Blake Allen, Student and Outreach Minister, LHBC

Acts 10:1-16
10 At Caesarea there was a man named Cornelius, a centurion of what was known as the Italian Cohort, 2 a devout man who feared God with all his household, gave alms generously to the people, and prayed continually to God. 3 About the ninth hour of the day he saw clearly in a vision an angel of God come in and say to him, “Cornelius.” 4 And he stared at him in terror and said, “What is it, Lord?” And he said to him, “Your prayers and your alms have ascended as a memorial before God. 5 And now send men to Joppa and bring one Simon who is called Peter. 6 He is lodging with one Simon, a tanner, whose house is by the sea.” 7 When the angel who spoke to him had departed, he called two of his servants and a devout soldier from among those who attended him, 8 and having related everything to them, he sent them to Joppa. 9 The next day, as they were on their journey and approaching the city, Peter went up on the housetop about the sixth hour to pray. 10 And he became hungry and wanted something to eat, but while they were preparing it, he fell into a trance 11 and saw the heavens opened and something like a great sheet descending, being let down by its four corners upon the earth. 12 In it were all kinds of animals and reptiles and birds of the air. 13 And there came a voice to him: “Rise, Peter; kill and eat.” 14 But Peter said, “By no means, Lord; for I have never eaten anything that is common or unclean.” 15 And the voice came to him again a second time, “What God has made clean, do not call common.” 16 This happened three times, and the thing was taken up at once to heaven.

In the 2018 SBC Convention annual meeting, the convention’s president J.D. Greear hosted a panel discussion around the topic of racial reconciliation. One of the questions Greear asked pastor Dhati Lewis, a guest speaker at the event, was this: how can we diversify our leadership within the convention without promoting tokenism? Pastor Lewis responded with a thought provoking answer. He said, “we must first diversify our dinner tables.”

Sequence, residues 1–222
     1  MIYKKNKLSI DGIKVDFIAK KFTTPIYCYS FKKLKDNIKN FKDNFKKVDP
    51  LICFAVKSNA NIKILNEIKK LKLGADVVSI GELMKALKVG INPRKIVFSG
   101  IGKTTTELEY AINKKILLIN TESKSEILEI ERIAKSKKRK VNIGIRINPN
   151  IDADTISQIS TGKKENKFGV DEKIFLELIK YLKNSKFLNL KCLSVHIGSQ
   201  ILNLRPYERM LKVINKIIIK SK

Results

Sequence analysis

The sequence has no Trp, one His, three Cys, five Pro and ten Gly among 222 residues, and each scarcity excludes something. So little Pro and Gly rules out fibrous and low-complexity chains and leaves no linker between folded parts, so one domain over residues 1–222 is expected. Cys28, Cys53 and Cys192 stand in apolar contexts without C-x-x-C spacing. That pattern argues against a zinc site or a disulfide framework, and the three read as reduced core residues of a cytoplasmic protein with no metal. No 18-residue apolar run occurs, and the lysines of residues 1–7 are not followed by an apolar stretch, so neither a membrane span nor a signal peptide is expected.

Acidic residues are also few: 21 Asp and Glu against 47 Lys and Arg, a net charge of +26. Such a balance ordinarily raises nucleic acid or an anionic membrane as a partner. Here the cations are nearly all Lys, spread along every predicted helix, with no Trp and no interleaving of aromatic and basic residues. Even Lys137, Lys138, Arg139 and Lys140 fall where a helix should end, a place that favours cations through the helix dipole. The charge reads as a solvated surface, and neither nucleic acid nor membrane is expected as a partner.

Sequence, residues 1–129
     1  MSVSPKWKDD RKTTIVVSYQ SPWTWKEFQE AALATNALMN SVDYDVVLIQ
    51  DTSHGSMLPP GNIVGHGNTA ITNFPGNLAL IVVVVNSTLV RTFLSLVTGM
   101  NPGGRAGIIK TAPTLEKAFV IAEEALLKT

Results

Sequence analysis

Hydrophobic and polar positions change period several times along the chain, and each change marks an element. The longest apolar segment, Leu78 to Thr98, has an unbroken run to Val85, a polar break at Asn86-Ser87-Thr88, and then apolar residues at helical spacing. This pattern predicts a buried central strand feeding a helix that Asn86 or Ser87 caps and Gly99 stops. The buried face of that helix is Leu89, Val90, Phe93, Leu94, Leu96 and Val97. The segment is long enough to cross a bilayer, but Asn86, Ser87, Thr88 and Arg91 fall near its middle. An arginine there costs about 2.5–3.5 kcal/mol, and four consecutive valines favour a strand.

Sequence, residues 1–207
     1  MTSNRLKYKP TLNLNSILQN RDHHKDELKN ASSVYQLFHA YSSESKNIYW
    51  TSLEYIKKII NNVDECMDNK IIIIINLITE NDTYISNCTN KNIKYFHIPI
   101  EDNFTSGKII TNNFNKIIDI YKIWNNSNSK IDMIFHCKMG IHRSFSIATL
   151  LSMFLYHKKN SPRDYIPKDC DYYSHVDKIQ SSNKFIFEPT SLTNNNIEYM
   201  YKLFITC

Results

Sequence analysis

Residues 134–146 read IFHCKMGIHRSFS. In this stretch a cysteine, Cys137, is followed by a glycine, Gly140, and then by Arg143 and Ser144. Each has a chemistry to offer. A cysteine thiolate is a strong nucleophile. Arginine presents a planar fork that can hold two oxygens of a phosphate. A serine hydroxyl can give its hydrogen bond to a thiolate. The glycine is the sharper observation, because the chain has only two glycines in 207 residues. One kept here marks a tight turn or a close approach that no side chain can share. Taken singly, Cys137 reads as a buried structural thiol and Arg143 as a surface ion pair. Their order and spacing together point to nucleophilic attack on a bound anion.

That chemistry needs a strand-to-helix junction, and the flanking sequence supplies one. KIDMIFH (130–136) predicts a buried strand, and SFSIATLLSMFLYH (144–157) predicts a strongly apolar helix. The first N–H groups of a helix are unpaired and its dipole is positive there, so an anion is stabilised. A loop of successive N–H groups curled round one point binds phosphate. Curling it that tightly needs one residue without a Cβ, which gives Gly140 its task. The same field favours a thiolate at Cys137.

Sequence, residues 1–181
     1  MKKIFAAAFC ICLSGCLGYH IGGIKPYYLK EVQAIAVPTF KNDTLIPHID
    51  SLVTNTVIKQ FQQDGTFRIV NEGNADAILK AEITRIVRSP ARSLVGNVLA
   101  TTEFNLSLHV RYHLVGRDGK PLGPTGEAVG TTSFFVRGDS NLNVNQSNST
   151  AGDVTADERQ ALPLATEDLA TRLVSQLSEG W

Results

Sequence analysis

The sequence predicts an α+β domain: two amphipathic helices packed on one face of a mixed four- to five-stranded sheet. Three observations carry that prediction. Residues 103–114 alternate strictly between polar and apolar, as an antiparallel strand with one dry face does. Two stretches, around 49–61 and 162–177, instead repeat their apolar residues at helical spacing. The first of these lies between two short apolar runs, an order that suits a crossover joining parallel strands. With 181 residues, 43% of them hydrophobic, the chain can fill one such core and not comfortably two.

I have revisited this statement many times in my mind. The reality is the kingdom of heaven will be a diverse kingdom. If we can’t love one another now, we will have a hard time with eternity. 

Peter would soon learn this lesson in Acts 10. The need for ethnic reconciliation didn’t start in the 1600s. When sin entered the world, ethnic division was conceived and would later be born in many shapes and forms. This is not a political statement. This is a reality. As long as the seeds of sin are planted in the hearts of men and women, ethnic division will exist. And in the flesh, all of humanity has the capability of falling into this sin no matter their ethnicity. 

In this story, Peter is being confronted with his own biases. There was great hostility between the Jews and Gentiles. Jews hated Caesarea and viewed it as an offspring of God’s enemies. Gentiles were also viewed as unclean, dogs, and pagans. But before Jesus ascended into heaven, he told his disciples they would be his witnesses to Judea, Samaria, and to the ends of the earth (Acts 1:8). When we get to Acts 10, God is beginning to fulfill the entirety of that promise. 

The disciples had already witnessed to the Jews, those in Judea, and those in Samaria. And in Acts 10, the Gospel will begin to go forth to the ends of the earth. In Acts 10, Peter learned that the gospel is for all people including the Gentiles. Peter is given three visions of the same thing. He sees a great sheet falling on the, a diversity of animals, and a message saying, “kill and eat.” Peter’s response is he will not eat anything unclean. He is thinking of the Levitical laws here. God’s response to Peter was not to call unclean what he has made clean. The point God is making is this: You, Peter, view the Gentiles as an unclean people. But I am making them clean by my righteousness. We see this is made clear to Peter in the later parts of Acts 10.

Peter would eventually realize that the Gospel is for every nation. Christ tore down the walls of hostility in the crucifixion event. He took two different groups, Jews and Gentiles, and made them into one kingdom people (Eph 2). The problems with ethnic division in our world is a spiritual problem. They exist because man tries to build up what Christ has torn down. No matter what our political affiliations are, we are called to kingdom diversity as a natural subset of kingdom unity. The Gospel is what bridges all nations together. 

To end this devotion with a question and a challenge, what are you personally doing to pursue kingdom unity amidst a diverse kingdom. It starts with intentionality. Are you diversifying your dinner tables? That just may be the starting point. 

Father, give us eyes to see your heart for ethnic reconciliation. Saturate our hearts with the Gospel and may it flow into our relationships with others who are different from us. May we pursue kingdom unity in all things. Amen. 

2 Peter 3:18
But grow in the grace and knowledge of our Lord and Savior Jesus Christ. To him be the glory both now and to the day of eternity. Amen.